You don't want to hurt anyone's feelings but does that mean keeping gifts you don't like?
Credit: Dan Dalton

The etiquette around engagement party gifts is tricky. On one hand, you didn't ask for (or even expect) any celebratory presents; on the other hand, you appreciate the gesture and don't want to hurt anyone's feelings. So what do you do when a relative or friend gives you an engagement gift and you're thrilled-until you open the box and see something you'll never use. Your apartment is small, storage is tight, and you're wondering if returning it to the store and getting something you really need is something you can do. Read on to find out.

You didn't register for the gift, so is it rude to return it?

Where's the law that says no one's allowed to give you a present you didn't specifically pick out? Nowhere. Still, you have to wonder why someone wouldn't consult your wish list before buying you a gift. Maybe they didn't realize you'd registered or they were certain you'd love a dozen coffee mugs with the inscription "Love is . . .24/7 caffeine." Rather than shove the gift in the back of a closet, go ahead and return it.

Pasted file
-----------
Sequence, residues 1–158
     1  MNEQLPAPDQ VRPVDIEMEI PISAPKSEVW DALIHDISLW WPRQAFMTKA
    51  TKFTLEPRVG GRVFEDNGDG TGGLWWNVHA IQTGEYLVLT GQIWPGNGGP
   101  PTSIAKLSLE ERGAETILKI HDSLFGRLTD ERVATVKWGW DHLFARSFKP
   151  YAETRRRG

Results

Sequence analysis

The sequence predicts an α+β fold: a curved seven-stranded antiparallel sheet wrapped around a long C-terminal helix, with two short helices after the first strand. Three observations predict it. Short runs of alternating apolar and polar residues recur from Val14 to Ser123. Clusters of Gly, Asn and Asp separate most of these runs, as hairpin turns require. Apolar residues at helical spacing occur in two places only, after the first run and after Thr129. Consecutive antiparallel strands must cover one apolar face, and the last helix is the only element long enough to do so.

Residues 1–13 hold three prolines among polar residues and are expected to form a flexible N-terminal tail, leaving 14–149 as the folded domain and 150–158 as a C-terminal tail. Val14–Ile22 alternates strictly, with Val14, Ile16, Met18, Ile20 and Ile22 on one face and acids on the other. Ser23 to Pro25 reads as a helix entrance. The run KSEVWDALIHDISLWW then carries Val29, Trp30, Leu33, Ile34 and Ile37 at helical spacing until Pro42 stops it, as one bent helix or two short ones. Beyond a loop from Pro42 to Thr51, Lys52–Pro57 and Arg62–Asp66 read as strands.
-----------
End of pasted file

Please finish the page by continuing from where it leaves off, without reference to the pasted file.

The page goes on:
Do you have to send thank-you notes?

Of course. A gift is a gift, no matter how horrible, and each one needs to be acknowledged. Just don't go overboard in your note with praise about how much you love the item. After thanking the giver for their thoughtful and generous present, focus on how happy you were that they could be there to celebrate your engagement with you.

Will people ask about their gifts?

You mean, what are your chances of the gift-givers finding out you tossed their treasures? Depends on how much they'll stop by your place for a visit. If it's an aunt who gave you a ceramic platter with a turkey motif that you know will notice when it's not out at Thanksgiving dinner, you might want to tread lightly. If, on the other hand, you're pretty certain you'll never have the family over on Turkey Day, your secret is probably safe.


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